In 1958, an anonymous article published in the Economic Weekly raised a minor storm. The unknown author speculated about what would happen after the demise of Jawaharlal Nehru. His prognosis was dark: “The prestige that the party will enjoy as the inheritor of the mantle of Tilak, Gandhi and Nehru will inhibit the growth of any effective or healthy opposition in the first few years. In the later years as popular discontent against the new generation of party bosses increases, they will, for sheer self-preservation, be led to make increasing attempts to capture votes by pandering to caste, communal and regional interests and ultimately even to rig elections.”
Generational changes in political leadership can be unsettling. It is now worth speculating whether India is ripe for a new generation of leaders. Most the current leadership in the major political parties is getting old. Political fatigue is quite evident if one looks beyond the manufactured excitement of television news. Even many of the relatively younger leaders cut their teeth during the Emergency years, nearly 35 years ago. Old age is not necessarily a negative. Neither Narasimha Rao nor Atal Bihari Vajpayee was young when they led their respective governments with great political skill. The former has been airbrushed out of history by the information commissars of the Congress while the latter has been forgotten by the Bharatiya Janata Party.
However, there is little doubt that Indian politics needs a dose of youth. India has one of the youngest populations in the world but also one of the most elderly political leaderships. Look at the vintage of our current netas. Manmohan Singh was born in 1932, Pranab Mukherjee in 1935 and P. Chidambaram in 1945. The 84-year old L.K. Advani still has an eye on the top job. Arun Jaitley is pushing 60. So is Sushma Swaraj. Prakash Karat is 63. The 40-year old Rahul Gandhi is still considered a youth leader, even though his father became prime minister at that age. Compare them with Barack Obama (born 1961), David Cameron (1966) and Angela Merkel (1954).
Another point of comparison is the leadership in Indian companies. Cyrus Mistry is 43. Mukesh Ambani and Sunil Mittal are 54. Anil Ambani is two years their junior while Anand Mahindra is two years their senior. Anil Agarwal was born in 1954. Even younger business leaders such as Rajiv and Sanjiv Bajaj are driving change in their companies. Most of the current crop of Indian business leaders was in their 40s when they stepped into leadership roles.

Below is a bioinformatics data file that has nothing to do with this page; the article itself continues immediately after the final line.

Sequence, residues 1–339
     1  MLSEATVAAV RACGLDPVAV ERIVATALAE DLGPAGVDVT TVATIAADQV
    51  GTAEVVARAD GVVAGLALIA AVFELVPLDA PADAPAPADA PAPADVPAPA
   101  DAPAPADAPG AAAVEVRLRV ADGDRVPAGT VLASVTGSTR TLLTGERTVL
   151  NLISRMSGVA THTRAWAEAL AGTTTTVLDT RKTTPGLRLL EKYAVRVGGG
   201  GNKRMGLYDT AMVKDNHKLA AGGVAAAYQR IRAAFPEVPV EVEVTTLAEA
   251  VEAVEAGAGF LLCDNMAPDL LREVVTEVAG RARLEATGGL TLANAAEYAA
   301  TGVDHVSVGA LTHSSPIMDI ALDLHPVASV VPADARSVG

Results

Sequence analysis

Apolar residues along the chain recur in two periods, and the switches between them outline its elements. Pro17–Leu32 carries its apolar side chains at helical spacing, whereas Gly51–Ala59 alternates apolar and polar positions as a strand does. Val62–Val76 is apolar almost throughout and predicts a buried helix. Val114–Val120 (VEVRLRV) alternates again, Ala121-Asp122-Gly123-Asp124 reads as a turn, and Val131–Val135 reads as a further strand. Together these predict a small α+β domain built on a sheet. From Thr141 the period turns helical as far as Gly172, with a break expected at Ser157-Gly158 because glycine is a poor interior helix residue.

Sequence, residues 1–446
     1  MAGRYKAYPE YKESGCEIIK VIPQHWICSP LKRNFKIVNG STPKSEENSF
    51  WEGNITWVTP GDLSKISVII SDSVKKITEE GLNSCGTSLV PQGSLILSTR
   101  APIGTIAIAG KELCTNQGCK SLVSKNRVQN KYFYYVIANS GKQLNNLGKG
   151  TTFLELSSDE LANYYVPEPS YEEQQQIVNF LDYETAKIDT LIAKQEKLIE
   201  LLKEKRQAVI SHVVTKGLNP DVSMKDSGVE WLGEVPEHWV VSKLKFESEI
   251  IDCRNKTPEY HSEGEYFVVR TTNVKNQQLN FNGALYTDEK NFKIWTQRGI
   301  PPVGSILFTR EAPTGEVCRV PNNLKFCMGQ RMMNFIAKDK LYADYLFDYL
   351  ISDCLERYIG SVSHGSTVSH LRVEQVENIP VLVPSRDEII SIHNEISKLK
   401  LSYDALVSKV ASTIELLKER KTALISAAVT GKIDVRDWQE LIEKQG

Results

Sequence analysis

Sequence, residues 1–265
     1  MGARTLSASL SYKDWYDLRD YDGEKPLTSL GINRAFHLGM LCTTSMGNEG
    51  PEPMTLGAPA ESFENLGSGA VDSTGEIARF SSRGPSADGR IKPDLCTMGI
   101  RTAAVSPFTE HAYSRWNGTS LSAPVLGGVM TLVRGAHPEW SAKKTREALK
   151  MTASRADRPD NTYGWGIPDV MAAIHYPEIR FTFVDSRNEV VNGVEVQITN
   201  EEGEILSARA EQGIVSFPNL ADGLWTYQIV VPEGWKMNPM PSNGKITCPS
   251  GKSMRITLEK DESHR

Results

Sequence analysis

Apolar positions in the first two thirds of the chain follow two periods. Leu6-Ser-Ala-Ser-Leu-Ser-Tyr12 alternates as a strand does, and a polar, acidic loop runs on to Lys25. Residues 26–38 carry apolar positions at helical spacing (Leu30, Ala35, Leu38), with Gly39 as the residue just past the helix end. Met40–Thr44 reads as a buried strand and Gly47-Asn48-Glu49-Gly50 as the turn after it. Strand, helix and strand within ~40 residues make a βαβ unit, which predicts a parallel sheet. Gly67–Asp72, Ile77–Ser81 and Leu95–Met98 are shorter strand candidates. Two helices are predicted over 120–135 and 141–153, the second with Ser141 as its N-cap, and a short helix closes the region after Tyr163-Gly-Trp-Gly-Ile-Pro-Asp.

Around this time next year, China will have completed a leadership change that will see a fifth generation take over the reins of power, after the regimes led by Mao Zedong, Deng Xiaoping, Jiang Zemin and Hu Jintao. Most of the new Chinese leaders who are expected to take over in 2012 have been born in the late 1950s. Also, many of the new leadership will either be princelings who have been born into the top echelons of the Chinese communist party or regional leaders who have already run large regional governments such as Guangdong.
India has seen three generations at the helm in the past six decades, with some overlaps. The first generation of leaders came up from the freedom movement: Nehru, Patel and Rajaji, for example. They were followed by the generation of Indira Gandhi, Ram Manohar Lohia, Atal Bihari Vajpayee, and Jayaprakash Narayan. The third generation could be said to have its roots in the Emergency years and then the early Rajiv Gandhi years: P. Chidambaram, V.P. Singh, Arun Jaitley, Lalu Yadav, Sharad Yadav, and Mulayam Singh Yadav.
There is no doubt that there is a new lot waiting in the wings. Many are our own princelings, the progeny of powerful political families that control quasi-independent political machines. That is what we have in common with the Chinese fifth generation. Many have studied in top global universities, like their counterparts across the Himalayas. But what our princelings are lacking is solid administrative experience.
That could be a weak spot. Nothing captures this better than the example of Rahul Gandhi, whose name keeps being mentioned as a future prime minister but whose administrative experience is limited to party affairs. His views of major national challenges are unclear to the general public. For now, he is better known for eye-catching acts such as dining in the huts of the poor, riding pillion through the badlands of Uttar Pradesh or taking the local train in Mumbai.
India has travelled a long distance since 1991, as an economy, as a global player and as a society. Nearly half of our 1.2 billion citizens have been born after 1985; they have few memories of the early hopes of Nehruvian socialism, the institutionalized scarcity of a planned economy, the Hindu mobilization by the Ram Janmabhoomi movement, the convulsions before and during the Emergency, the economic crisis of 1991, or any of the other major events that raised political tempers a couple of decades ago.
Inevitably, this new generation has new aspirations, new concerns and new ways of thinking. It will also seek a new set of political leaders.